Farming for the Future

This is a guest post by CYH volunteer, Jamee DeSimone.


Famous chef and campaigner for fresh, Jamie Oliver, recently went to “the most obese city” in the US, and asked elementary school students to identify fruits and vegetables by sight, in their natural forms. Sadly, many of them couldn’t even tell the difference between a tomato and a potato. And most did not know that they were grown in the ground. Most of their food came to them processed and unrecognizable.
Perhaps this is an extreme case, but I don’t think this is so far off from the reality many of us in North America face. Processed or otherwise, do you know where your food comes from?

Canned and processed foods are almost always the cheapest (and easiest) products to buy. But processing not only cuts down or eliminates the nutritional value of the food, it also adds potentially harmful chemicals, and produces tonnes of waste. It also consumes incredible amounts of energy; unnecessary and wasteful energy use contributes to the greenhouse gas emissions in the atmosphere and enhances the effects of climate change.

We deserve better!

So I set out to find local examples of “better”.

An especially awesome place I found in my search is the Richmond Sharing Farm, where I recently participated in a volunteer work day. Not only is the farm a non-profit organization run by passionate young people, but it also provides all of its naturally grown, nearly organic produce to the local Richmond Foodbank all summer long! They don’t spray chemicals, which are harmful to the natural environment, and they provide an incredibly valuable social service.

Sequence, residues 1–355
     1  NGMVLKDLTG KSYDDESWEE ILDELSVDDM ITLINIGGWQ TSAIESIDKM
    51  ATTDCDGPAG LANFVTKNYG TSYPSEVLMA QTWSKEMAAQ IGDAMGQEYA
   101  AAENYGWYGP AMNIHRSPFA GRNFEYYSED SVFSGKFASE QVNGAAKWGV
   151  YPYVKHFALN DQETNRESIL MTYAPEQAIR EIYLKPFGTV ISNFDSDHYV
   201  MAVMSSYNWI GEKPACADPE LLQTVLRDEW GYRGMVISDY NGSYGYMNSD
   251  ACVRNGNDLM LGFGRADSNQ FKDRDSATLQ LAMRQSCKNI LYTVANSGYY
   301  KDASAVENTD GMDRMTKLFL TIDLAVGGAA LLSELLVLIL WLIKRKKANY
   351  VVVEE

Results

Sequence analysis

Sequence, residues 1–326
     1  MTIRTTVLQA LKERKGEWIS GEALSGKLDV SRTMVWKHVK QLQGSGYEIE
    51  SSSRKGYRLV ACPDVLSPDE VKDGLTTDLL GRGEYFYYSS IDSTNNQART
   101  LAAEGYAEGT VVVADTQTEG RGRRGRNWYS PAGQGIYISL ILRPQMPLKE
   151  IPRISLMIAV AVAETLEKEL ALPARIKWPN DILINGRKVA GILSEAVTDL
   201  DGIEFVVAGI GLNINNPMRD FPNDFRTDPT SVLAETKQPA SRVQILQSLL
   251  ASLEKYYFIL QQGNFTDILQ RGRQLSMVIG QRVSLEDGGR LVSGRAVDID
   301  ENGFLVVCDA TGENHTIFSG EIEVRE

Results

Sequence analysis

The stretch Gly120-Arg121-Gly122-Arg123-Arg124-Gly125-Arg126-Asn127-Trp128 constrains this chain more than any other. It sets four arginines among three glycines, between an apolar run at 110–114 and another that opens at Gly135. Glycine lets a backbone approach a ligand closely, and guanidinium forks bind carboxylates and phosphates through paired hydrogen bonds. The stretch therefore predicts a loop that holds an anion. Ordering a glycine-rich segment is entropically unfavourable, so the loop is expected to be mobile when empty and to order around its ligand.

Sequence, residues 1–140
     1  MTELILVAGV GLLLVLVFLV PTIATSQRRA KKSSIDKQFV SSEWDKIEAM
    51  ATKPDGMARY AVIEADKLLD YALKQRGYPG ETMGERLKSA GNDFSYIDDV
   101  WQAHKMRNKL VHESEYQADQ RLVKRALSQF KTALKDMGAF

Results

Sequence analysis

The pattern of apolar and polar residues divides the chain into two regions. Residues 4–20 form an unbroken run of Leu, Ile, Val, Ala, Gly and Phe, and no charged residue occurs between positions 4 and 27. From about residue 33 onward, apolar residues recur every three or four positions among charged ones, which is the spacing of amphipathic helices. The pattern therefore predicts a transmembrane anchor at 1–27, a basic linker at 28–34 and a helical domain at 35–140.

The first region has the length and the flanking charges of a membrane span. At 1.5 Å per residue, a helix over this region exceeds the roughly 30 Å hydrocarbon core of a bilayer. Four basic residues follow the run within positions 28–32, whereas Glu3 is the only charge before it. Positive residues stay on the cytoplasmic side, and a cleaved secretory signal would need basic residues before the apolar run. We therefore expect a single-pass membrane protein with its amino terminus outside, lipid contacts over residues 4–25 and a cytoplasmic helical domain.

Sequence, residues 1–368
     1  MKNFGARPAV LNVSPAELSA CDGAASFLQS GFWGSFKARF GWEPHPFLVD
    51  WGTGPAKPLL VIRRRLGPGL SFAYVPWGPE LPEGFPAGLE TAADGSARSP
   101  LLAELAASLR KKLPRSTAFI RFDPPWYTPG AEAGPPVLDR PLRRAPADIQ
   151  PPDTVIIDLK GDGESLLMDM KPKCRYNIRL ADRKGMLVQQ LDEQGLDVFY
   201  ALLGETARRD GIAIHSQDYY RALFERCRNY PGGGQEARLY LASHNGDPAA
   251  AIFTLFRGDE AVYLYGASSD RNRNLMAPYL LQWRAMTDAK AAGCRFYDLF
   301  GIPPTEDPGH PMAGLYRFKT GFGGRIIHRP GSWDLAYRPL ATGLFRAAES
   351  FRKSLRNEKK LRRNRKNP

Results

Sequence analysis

The experience I had there was extraordinary. I used to think farming was mostly done by people my parents’ and grandparents’ ages, and that it was a dying industry run by disgruntled (and rightfully so) people. But what I saw on the Richmond Sharing Farm turned that idea around. Everyone there was young and vibrant, and so passionate about their work! They LOVED getting out onto the fields and getting their hands dirty every day. They saw the beauty of the life they were sowing, and the real purpose of their work. I also met some university students that were working as interns, while going to school to learn how to be farmers. I was so happy to see that farming is making a comeback, with young people like us getting involved and starting careers!

We’re currently finding ourselves on the path to a potential global food crisis, where food security issues are ever present in the media, and environmental and social problems are affecting our food yields.
We need to start thinking more about where our food comes from, and what we’re putting into our bodies.
We need to engage young people in sustainable farming practices.
We need farmers to become more important parts of our social fabric.

I believe we can do that.

So I encourage everyone that has any interest in growing food to spend some time on a farm. Experiencing farm life is a great way to see how our food is born, and how it’s loved and tended to before it reaches our plates. If you can’t farm, check out your local farmer’s market and have a chat with the person who grew that tomato you’re buying! It’s a different food experience when you know where your food came from.

Our grandchildren will thank us.


Jamee works in energy management at BC Housing. Commonly referred to as a “tree-hugger” by family and friends, she has a passion for all things natural and environmentally friendly, and seeks to surround herself with like-minded people.